Nauru Government and Media Profile

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Nauru Political Orientation

Nauru - Right-Center Bias - Orientation - ConservativeNauru flag and country profile


Government Type: Parliamentary Republic
Leader: President Russ Joseph Kun
Political Party: Independent (no formal parties)
Political Position: Center-Right

Press Freedom

MBFC’s Country Freedom Rating: 77.00 – Mostly Free

Nauru is a former British colony that gained its independence in 1968. It does not have a ranking in the World Press Freedom Index by Reporters Without Borders. Nauruans typically have political rights and civil liberties, but the government has targeted opponents like the Nauru 19 for their involvement in a protest. Furthermore, the country has faced criticism for imposing high visa fees for journalists, resulting in limited international coverage.

Media Ownership and Government Analysis

Here is a brief background on Nauru.

Once rich in phosphate deposits, Nauru suffered from environmental damage and economic decline due to the over-extraction by Australia, New Zealand, and the United Kingdom.

Nauru sought justice through the courts for exploiting its resources, and the BBC reports that in 1993, Nauru received a $73m out-of-court settlement from Australia while New Zealand and the UK paid a one-time settlement of $8.2m each. Currently, Nauru’s economy relies on fishing licenses, foreign aid, and an Australian-funded offshore processing center for asylum seekers which is a significant source of income and employment on the island. However, Nauru has been accused of human rights abuses in the refugee camp that it operates for Australia.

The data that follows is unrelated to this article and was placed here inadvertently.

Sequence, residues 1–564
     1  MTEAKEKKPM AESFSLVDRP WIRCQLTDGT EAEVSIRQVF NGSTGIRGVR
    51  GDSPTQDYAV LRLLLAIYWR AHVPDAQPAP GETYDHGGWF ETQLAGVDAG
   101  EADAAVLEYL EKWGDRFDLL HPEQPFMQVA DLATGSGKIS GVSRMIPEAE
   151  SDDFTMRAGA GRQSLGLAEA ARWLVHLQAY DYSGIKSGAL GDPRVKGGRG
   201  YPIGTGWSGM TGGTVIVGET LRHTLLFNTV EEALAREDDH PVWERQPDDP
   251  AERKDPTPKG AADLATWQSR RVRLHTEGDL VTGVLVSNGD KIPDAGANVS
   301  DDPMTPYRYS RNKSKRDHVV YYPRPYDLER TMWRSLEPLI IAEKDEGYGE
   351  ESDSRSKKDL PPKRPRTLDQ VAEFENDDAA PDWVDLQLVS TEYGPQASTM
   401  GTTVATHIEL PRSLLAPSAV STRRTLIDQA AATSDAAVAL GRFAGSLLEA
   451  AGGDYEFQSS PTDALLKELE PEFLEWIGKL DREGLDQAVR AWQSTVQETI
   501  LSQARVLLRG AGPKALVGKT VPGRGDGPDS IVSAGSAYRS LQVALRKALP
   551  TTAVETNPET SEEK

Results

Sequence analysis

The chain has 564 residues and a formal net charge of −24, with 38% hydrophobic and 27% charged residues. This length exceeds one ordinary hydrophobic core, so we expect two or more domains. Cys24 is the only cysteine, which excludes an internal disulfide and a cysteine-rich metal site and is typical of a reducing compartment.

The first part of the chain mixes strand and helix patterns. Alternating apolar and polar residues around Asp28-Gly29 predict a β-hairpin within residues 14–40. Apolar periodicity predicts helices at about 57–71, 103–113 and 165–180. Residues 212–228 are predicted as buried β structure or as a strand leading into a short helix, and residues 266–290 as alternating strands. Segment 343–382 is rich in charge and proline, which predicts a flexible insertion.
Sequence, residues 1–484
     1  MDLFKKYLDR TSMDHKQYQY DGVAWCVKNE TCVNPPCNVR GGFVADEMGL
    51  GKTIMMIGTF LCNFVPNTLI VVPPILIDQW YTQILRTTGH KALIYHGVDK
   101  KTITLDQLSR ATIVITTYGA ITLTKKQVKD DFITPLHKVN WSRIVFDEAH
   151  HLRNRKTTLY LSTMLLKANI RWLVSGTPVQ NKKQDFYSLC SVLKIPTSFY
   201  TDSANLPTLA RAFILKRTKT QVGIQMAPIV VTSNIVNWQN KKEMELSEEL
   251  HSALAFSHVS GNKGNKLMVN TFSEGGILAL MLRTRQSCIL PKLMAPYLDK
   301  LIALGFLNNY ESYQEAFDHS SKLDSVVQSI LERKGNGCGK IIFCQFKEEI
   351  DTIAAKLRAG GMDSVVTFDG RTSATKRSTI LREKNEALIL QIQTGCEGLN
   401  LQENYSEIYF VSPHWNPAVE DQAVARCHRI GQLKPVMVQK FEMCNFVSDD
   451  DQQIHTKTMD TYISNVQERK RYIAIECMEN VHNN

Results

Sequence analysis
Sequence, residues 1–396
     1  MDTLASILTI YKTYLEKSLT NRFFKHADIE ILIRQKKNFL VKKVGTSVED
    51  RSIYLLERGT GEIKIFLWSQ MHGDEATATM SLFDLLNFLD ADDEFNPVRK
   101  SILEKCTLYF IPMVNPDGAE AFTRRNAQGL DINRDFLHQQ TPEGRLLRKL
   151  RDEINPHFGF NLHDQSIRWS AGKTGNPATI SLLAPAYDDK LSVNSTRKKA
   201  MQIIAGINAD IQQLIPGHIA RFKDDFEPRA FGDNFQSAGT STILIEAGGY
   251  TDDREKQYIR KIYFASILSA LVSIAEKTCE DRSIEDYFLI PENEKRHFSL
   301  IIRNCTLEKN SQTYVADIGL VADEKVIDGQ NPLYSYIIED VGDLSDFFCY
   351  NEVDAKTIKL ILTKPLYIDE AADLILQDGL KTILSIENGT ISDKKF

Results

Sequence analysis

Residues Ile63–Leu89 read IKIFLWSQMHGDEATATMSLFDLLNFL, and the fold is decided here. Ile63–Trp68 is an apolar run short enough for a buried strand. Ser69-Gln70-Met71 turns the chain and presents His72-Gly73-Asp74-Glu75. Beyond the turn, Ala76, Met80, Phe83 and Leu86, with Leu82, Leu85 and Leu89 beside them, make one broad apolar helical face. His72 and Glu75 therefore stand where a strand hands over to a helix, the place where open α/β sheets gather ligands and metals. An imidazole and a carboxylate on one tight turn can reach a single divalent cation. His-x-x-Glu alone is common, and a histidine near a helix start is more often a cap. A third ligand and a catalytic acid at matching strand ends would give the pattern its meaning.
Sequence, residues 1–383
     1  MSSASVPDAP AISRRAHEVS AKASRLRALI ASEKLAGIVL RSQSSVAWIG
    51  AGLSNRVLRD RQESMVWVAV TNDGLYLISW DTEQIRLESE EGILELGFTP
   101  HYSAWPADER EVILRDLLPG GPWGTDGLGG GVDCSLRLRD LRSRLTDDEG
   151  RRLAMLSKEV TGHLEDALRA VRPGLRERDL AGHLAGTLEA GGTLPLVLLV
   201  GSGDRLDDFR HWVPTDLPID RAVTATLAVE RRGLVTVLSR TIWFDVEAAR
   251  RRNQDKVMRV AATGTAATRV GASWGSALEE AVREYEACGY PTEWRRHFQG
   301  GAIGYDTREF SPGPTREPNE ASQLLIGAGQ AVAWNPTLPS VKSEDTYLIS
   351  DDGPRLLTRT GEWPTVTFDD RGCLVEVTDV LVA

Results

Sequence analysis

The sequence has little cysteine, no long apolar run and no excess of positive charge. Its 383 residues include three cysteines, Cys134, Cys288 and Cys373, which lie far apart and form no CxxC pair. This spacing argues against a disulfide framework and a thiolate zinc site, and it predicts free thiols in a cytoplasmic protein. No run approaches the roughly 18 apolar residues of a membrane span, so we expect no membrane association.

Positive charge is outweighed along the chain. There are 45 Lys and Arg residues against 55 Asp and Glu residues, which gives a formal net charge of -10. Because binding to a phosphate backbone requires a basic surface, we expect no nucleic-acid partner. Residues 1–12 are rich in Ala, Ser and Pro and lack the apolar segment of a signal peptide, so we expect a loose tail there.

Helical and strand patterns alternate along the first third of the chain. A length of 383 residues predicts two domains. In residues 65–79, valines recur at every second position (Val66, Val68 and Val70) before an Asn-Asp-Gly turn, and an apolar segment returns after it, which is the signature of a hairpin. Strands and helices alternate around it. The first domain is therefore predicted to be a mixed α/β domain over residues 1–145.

Regarding media, Nauru’s media environment is limited, dominated by state-owned TV station Nauru Television (NTV) and Radio Nauru run by the government-owned Nauru Broadcasting Service. Local media options, such as the Nauru Bulletin and the state-owned Nauru Broadcasting Service, are limited and primarily government-controlled. Therefore, the government controls the flow of information, such as restricting access to foreign journalists by charging a non-refundable visa application fee of AUD 8,000 (approximately $5,372.12 as of April 2023) which limits international coverage. This high fee has been criticized by press freedom advocates such as RSF.

Generally, the media landscape in Nauru lacks diversity and is vulnerable to government influence, leading to potential censorship.

Country Rating Methodology

Last Updated on May 13, 2023 by Media Bias Fact Check

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